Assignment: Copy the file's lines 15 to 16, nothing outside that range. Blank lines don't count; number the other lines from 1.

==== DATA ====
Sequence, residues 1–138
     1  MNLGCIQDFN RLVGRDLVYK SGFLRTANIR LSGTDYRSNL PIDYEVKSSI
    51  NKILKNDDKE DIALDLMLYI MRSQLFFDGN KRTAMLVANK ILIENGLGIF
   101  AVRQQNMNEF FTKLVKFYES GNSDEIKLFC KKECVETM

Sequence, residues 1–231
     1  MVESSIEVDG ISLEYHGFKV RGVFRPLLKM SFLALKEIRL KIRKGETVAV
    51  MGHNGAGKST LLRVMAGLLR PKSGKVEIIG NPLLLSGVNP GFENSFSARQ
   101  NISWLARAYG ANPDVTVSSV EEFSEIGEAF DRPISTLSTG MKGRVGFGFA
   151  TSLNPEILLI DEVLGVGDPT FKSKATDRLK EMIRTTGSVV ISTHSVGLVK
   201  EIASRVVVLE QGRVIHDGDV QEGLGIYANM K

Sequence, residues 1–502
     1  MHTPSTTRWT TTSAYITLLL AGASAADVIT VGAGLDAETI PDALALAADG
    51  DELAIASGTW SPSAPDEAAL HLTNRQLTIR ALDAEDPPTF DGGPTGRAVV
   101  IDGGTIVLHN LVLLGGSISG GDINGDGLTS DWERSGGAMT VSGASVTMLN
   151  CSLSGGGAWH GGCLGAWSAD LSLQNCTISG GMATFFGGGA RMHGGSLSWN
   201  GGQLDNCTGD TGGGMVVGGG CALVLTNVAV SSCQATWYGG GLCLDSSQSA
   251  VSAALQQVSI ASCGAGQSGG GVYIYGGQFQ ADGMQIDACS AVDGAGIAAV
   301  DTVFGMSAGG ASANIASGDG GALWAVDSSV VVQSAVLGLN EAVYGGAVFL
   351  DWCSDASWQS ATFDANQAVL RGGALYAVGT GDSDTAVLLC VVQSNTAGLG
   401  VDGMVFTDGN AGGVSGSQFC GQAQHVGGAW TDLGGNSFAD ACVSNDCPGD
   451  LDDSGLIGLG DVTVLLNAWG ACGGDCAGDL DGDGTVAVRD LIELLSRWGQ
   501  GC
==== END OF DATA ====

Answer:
   151  CSLSGGGAWH GGCLGAWSAD LSLQNCTISG GMATFFGGGA RMHGGSLSWN
   201  GGQLDNCTGD TGGGMVVGGG CALVLTNVAV SSCQATWYGG GLCLDSSQSA